17. Devil Music – The Pharcyde

12
Jan
10

treats…


First things first – Happy belated New Year and Christmas everyone.  This blog’s been eerily silent for what seems like (and probably is) months now and for those who check it regularly I apologise.  Blame it on a long overdue visit to our homeland (Sydney) over the festive period.  We’ve been living in Europe and the UK for nearly three years now without a visit home.  It was a much needed recharging of batteries and reconnection with friends. So there.

The upside of said hiatus is that I was able to bring back a soulful and funky treat for your ear-holes in the form of DJ Spinna’s wonderful compilation “Strange Games & Things” released on the mighty BBE records in 2001.  It has since been re-packaged and re-released but I thought it necessary to post up the original as it contains a wealth of classic soul and boogie tracks some of which have been omitted from the re-issue, no doubt due to legal wrangling and licensing bollocks.

I used to rinse this CD when I worked at Hum on Miller, a tiny CD store in North Sydney until I finally had the cash to buy it for myself.  The battered price tag on my copy says $44.95, a lot of money for a CD release, even if it is a triple CD in deluxe faux vinyl packaging.  You’d be pretty hard pressed to find labels releasing CD’s in this kind packaging nowadays.

I’ve decided to leave out the third disc containing the DJ mix by Spinna as, although it’s a great mix, it’s easy to track down elsewhere and my mediafire account is fast filling up.  On the other hand I’ve uploaded them as 320kbps mp3’s, so they should be suitably punchy for DJ play.

So here it is –

___________________________________

DJ Spinna – Strange Games & Things – CD1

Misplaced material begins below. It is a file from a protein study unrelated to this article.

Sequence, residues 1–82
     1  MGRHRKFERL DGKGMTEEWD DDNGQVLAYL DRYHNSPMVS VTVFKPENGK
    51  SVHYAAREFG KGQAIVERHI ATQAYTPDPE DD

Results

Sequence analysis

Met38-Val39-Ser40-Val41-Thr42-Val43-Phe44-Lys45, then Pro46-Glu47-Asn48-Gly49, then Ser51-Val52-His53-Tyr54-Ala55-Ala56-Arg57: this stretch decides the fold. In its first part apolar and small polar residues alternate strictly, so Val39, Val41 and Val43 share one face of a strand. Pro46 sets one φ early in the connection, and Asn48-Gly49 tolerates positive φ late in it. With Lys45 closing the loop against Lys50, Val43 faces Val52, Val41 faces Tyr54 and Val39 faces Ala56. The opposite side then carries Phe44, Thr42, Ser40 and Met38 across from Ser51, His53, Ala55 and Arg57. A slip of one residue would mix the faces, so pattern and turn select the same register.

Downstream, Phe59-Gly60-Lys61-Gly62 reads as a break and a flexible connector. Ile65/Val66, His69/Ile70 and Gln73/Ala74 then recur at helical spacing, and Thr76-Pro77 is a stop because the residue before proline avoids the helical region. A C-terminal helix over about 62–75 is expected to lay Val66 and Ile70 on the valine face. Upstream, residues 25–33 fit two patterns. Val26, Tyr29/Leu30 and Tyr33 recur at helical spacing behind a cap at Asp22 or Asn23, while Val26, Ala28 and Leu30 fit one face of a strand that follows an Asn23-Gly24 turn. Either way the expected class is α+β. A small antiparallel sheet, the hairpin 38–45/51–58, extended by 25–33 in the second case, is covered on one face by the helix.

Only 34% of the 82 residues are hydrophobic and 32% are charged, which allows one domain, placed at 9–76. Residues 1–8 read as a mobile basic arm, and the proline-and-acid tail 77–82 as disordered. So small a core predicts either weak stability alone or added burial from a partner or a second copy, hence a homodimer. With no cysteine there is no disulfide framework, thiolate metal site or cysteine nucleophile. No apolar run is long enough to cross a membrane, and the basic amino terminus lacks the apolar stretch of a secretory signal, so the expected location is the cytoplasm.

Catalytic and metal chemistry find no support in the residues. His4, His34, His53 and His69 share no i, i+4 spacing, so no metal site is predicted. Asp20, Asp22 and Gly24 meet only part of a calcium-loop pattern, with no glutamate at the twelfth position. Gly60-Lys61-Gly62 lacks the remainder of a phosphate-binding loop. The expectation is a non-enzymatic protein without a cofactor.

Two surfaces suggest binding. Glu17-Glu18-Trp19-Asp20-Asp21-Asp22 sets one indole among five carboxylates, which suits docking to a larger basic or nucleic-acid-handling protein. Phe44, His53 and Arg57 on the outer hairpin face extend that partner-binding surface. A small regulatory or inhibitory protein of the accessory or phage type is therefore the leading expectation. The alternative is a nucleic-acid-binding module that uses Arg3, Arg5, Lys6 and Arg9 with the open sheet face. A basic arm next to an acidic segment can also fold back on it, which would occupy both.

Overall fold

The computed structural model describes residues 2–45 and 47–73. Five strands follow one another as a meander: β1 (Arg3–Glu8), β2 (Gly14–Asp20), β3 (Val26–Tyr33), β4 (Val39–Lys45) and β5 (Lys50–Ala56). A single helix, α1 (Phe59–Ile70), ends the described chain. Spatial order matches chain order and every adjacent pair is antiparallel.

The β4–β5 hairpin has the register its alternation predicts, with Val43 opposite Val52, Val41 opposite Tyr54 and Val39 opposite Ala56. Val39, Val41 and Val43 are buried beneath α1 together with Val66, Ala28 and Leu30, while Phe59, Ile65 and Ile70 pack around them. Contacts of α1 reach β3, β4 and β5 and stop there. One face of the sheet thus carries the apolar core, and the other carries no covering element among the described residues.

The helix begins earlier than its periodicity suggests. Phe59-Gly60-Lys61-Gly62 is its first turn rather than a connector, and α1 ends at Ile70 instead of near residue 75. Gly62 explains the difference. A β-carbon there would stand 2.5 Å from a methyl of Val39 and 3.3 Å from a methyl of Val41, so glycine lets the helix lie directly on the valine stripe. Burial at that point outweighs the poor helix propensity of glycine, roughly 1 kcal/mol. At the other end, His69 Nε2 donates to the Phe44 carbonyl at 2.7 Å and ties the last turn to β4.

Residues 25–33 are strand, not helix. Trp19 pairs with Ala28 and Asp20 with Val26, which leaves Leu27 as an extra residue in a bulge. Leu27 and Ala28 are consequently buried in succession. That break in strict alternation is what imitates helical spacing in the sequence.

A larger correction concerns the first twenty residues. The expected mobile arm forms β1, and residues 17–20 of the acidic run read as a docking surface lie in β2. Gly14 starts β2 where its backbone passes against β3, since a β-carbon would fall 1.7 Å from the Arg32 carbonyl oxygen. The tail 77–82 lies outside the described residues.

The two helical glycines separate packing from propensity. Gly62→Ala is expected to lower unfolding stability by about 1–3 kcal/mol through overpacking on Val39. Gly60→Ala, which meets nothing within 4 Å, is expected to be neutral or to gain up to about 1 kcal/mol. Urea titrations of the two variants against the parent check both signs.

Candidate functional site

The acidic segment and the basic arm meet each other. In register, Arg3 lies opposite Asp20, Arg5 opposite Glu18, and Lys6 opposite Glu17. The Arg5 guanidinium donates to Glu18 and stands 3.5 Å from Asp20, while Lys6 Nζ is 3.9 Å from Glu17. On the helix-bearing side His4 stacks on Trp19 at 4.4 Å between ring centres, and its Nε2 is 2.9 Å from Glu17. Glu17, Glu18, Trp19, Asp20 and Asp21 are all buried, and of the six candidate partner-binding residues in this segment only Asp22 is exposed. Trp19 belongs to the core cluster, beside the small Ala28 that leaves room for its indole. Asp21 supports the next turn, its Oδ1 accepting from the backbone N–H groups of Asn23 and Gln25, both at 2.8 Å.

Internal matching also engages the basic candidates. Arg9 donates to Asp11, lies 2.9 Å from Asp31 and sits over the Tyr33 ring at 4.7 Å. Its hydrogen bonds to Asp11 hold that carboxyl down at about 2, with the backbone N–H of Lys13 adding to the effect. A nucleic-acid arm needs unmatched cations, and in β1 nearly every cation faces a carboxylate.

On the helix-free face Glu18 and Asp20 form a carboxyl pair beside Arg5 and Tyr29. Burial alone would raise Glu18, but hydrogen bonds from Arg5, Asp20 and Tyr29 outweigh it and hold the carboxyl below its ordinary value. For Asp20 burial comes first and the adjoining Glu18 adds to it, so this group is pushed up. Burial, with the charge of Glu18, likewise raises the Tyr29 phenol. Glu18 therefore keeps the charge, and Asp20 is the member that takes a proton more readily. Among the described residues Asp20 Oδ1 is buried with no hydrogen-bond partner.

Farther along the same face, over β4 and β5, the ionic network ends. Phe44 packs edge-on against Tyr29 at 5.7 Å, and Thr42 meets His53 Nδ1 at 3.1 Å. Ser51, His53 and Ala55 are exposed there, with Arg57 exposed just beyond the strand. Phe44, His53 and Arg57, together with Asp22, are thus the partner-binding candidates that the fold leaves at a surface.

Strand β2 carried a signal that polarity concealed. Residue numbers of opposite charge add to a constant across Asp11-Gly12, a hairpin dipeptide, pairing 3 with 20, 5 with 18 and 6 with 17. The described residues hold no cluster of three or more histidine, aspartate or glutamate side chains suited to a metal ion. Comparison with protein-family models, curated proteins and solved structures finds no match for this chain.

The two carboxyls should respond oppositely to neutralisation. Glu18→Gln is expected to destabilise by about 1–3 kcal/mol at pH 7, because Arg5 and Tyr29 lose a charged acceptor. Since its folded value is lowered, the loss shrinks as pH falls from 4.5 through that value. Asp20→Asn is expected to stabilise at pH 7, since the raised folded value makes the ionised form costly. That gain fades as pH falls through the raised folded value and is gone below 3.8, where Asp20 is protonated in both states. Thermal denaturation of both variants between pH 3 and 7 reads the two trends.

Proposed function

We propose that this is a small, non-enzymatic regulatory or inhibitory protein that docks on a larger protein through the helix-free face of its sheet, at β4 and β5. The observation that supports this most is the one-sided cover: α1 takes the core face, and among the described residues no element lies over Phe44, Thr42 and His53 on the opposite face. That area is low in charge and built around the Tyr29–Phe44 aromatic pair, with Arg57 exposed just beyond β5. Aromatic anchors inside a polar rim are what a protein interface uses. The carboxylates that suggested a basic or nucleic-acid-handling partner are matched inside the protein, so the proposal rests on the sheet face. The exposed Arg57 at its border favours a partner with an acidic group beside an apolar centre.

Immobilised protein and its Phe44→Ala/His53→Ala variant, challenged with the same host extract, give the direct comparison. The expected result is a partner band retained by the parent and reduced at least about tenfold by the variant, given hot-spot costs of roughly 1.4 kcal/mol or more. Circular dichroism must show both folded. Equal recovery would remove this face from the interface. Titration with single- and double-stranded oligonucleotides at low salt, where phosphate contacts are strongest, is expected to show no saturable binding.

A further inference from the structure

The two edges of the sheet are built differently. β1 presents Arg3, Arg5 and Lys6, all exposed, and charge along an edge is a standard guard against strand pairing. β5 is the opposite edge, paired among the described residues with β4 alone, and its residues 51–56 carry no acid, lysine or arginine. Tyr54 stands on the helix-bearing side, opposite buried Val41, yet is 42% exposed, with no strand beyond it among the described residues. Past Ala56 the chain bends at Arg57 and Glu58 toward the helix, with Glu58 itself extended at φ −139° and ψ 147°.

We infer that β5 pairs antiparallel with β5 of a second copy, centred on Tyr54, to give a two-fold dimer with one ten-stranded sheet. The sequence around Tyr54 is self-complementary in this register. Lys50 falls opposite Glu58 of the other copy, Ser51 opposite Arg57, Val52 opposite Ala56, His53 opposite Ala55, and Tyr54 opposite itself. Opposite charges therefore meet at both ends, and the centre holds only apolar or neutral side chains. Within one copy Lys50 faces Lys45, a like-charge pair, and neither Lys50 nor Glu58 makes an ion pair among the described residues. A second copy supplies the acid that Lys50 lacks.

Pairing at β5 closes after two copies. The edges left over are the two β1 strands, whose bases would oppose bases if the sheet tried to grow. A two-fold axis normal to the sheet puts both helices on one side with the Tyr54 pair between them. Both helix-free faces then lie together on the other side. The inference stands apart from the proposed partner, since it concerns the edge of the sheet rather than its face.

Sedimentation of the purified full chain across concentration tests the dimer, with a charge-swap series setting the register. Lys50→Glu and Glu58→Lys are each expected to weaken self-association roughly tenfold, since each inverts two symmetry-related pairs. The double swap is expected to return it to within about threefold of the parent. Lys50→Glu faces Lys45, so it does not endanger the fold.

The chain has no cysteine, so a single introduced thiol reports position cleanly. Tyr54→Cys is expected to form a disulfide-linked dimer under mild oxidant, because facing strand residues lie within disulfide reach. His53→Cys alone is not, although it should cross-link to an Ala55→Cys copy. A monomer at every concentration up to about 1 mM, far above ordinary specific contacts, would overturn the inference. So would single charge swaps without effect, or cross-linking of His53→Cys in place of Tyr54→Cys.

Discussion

1. Strange Games and Things  – Love Unlimited Orchestra

2. If I Can’t Stop You  – Johnny Bristol

3. Mademoiselle  – Foxy

4. You Can’t Run Away  – The Bar-Kays

5. Reasons  – Minnie Ripperton

6. Bring Your Sweet Loving Back  – Starpoint

7. Hollywood Dreaming  – Father’s Children

8. Hunk Of Heaven – Lemuria

9. Elevate Your Mind  – Linda Williams

10. 90% of Me Is You  – Gwen McCrae

11. Another Day  – Al Goodman

12. Girl You Need a Change of Mind  – Eddie Kendrick

password – tittybum

___________________________________

DJ Spinna – Strange Games & Things – CD2

1. Can’t Hide Love  – Creative Source

2. Easy Money  – Dee Dee Sharp

3. Heart’s Desire  – Don Blackman

4. Life Is Just a Moment, Pts. 1 & 2  – Roy Ayers

5. Magic Ride  – Bobby Lyle

6. Keep It Up  – Milton Wright, Jr.

7. Secret Rendezvous  – René & Angela

8. California Dreamin’  – José Feliciano

9. Wind Parade  – Donald Byrd

10. Passion Play  – The Sugarhill Gang

11. Lucky Fellow  – Leroy Hutson

12. Mary Jane  – Rick James

13. How Could You Break My Heart?  – Bobby Womack, Bobby Womack

14. Save Their Souls – Bohannon

15. It’s a Desperate Situation – Marvin Gaye

password – bumtitty

19
Nov
09

Annotations

As we said in our first post – we love mixtapes. There’s magic in the best ones. A story that winds through often disparate territory, connecting and revealing influences in both the DJ who mixes and the artists being mixed.